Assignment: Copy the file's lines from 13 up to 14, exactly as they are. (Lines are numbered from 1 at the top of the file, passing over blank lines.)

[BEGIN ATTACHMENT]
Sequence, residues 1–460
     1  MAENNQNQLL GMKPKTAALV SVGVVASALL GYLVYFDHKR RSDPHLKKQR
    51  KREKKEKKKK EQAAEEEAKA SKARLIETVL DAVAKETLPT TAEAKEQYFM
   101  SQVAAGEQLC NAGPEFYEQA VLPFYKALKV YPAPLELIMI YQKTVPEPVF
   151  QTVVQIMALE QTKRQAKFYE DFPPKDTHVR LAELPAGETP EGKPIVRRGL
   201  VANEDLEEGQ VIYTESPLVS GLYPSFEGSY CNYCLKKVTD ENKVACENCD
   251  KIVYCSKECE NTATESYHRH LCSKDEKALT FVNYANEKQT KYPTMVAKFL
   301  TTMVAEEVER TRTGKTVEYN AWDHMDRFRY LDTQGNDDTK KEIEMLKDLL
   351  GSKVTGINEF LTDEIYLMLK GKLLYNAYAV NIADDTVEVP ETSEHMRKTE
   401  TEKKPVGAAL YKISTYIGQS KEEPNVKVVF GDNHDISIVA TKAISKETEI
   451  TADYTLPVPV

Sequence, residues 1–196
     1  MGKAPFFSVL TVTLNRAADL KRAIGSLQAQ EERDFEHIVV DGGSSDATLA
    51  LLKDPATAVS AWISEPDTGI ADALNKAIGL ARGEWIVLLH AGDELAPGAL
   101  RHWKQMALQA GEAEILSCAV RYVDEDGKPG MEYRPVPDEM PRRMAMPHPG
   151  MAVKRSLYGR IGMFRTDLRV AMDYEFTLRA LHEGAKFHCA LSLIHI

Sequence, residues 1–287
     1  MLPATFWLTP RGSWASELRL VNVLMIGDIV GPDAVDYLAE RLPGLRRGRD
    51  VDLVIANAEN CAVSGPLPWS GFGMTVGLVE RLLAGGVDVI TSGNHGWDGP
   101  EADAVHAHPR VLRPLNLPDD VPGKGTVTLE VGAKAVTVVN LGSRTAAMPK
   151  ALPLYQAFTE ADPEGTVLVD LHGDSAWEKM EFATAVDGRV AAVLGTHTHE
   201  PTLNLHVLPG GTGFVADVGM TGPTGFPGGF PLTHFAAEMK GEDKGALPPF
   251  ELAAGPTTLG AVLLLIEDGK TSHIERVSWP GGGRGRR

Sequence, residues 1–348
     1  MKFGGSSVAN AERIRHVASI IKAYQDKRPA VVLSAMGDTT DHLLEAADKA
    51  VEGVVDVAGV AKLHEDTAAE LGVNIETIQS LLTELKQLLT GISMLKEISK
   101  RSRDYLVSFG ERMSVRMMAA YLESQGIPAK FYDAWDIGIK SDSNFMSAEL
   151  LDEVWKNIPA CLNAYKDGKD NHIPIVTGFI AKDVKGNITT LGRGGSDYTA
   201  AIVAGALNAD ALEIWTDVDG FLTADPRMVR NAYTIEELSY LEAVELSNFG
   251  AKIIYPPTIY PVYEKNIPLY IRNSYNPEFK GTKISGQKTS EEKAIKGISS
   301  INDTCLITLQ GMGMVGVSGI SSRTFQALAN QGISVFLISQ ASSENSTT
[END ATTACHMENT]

     1  MGKAPFFSVL TVTLNRAADL KRAIGSLQAQ EERDFEHIVV DGGSSDATLA
    51  LLKDPATAVS AWISEPDTGI ADALNKAIGL ARGEWIVLLH AGDELAPGAL